Maryland Episcopal Diocese looks to new bishop for healing

After Cook's drunken crash, the Episcopal Diocese looks to a new bishop for healing.

At her welcoming service Sunday as the new assistant bishop of the Episcopal Diocese of Maryland, the Rt. Rev. Chilton R. Knudsen urged clergy and lay people to let go of the emotional upheaval of the past year.

She never spoke Heather Cook's name, but Knudsen's Evensong sermon addressed a diocese still shaken by her predecessor's drunken crash that killed a Baltimore cyclist nearly a year ago. Cook, 59, was sentenced last month to seven years in prison in the death of 41-year-old Thomas Palermo.

"Evensong is a time to put to rest the business, the tragedies, the sadness, the disillusionments, as well as the joys, the celebrations and the victories of each day," Knudsen said. "In other words, Evensong represents the closing of a door and looks ahead to the opening of the door of the morning."

Knudsen, 69, retired as Episcopal bishop of Maine in 2008, but has served as assistant bishop in two dioceses in New York since then. She will be the No. 2 leader of the Maryland diocese, which numbers 112 congregations and more than 44,000 members in central, southern and western Maryland. Her duties will include visiting all of the parishes, confirming new members of the church and ordaining new priests.

A recovering alcoholic, Knudsen co-authored the 2010 book "So You Think You Don't Know One? Addiction and Recovery in Clergy and Congregations," and last year published a booklet called "Depending on the Grace of God: A Spiritual Journey through the Twelve Steps."

Knudsen said she has been longtime friends with Bishop Eugene T. Sutton, the leader of the Maryland diocese, and he asked her to take on the assistant role in part for her background in addressing addiction. Sutton co-officiated Sunday's ceremony with the Rev. Rob Boulter.

She said after the service that she hopes her appointment will "take away the myths" associated with alcoholism and other addictions. She said she wants to "help people find language that is not full of judgment" as the diocese takes "an honest acknowledgment of weaknesses" on the individual level and the diocesan level.

"I want to not only heal, but strengthen," she said. "You don't have to be sick to get better."

In her sermon, Knudsen briefly introduced herself to the church leaders and lay people in the pews at the half-full Cathedral of the Incarnation in the Guilford neighborhood of Baltimore and then delved into the scripture readings, focusing on the virtues of wisdom and humility.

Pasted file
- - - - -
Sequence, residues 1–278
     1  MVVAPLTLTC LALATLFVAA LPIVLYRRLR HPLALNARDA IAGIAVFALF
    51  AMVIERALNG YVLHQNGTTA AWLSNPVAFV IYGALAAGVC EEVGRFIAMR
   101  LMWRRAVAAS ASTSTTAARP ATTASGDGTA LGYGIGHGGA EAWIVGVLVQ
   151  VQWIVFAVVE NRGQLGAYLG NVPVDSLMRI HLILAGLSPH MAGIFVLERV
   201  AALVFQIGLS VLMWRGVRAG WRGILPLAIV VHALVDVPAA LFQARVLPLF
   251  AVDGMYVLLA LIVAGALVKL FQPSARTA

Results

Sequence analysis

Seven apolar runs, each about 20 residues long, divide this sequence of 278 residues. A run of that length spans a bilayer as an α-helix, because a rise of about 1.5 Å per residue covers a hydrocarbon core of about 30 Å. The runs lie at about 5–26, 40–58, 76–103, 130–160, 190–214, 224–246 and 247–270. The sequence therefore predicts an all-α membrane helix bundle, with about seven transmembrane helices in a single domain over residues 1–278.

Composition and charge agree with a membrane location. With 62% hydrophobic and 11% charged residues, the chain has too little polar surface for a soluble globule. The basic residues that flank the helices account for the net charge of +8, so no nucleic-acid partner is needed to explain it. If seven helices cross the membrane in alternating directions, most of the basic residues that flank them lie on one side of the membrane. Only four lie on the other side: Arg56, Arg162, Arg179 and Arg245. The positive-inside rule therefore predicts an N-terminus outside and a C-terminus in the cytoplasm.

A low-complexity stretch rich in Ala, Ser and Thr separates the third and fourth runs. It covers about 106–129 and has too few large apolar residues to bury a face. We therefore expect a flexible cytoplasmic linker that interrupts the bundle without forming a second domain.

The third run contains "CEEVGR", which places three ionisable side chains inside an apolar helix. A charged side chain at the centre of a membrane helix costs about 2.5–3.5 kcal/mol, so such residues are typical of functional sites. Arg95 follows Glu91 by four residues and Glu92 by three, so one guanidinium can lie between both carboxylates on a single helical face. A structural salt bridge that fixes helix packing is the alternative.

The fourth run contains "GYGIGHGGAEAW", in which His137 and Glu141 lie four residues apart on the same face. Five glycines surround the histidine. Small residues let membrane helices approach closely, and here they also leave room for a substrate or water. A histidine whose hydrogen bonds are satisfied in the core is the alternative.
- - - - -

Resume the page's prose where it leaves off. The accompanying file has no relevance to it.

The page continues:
She said the Serenity Prayer, which has often been used by addiction groups — God, grant me the serenity to accept the things I cannot change, The courage to change the things I can, And the wisdom to know the difference — is her favorite.

She quoted former United Nations Secretary General Dag Hammarskjöld, who wrote: "For all that has been — thanks. For all that will be — yes."

"It's in that spirit that Evensong is offered into the prayer of the church," Knudsen said, "ending one day and preparing for the rest that will make it possible for us to put two feet on the floor and get ourselves up and moving into a new day."

Sonia Burton, of St. John's Episcopal Church in Ellicott City, said she thought the service was "fantastic" and Knudsen came across as "straightforward and understandable."

The choirs of the Cathedral of the Incarnation, Christ Church in Columbia and St. John's combined with a blaring organ to fill the cathedral with music.

Burton's review of their performance: "Out of this world."

Hannah Gram, of St. Andrew's Glenwood in Mount Airy, said Knudsen's "strong presence" in the pulpit will be reflected in her leadership at the diocese.

"I liked her message about how the Evensong relates to her coming here," Gram said. "She's a really solid presence for both the clergy and the Episcopals across Maryland."

Knudsen said one of the readings, a parable about a man inviting guests to dinner, showed how grace can be found in even the most trying of times.

"We have been invited ... to partake of the goodness, the bounty, the generosity of God whose boundless compassion simply flows and overflows through every day, even the toughest days," she said. "There still is bounteous compassion, strength, courage right on that table for us to enjoy."

"My friends," she finished, "shall we pull up a chair?"

cmcampbell@baltsun.com

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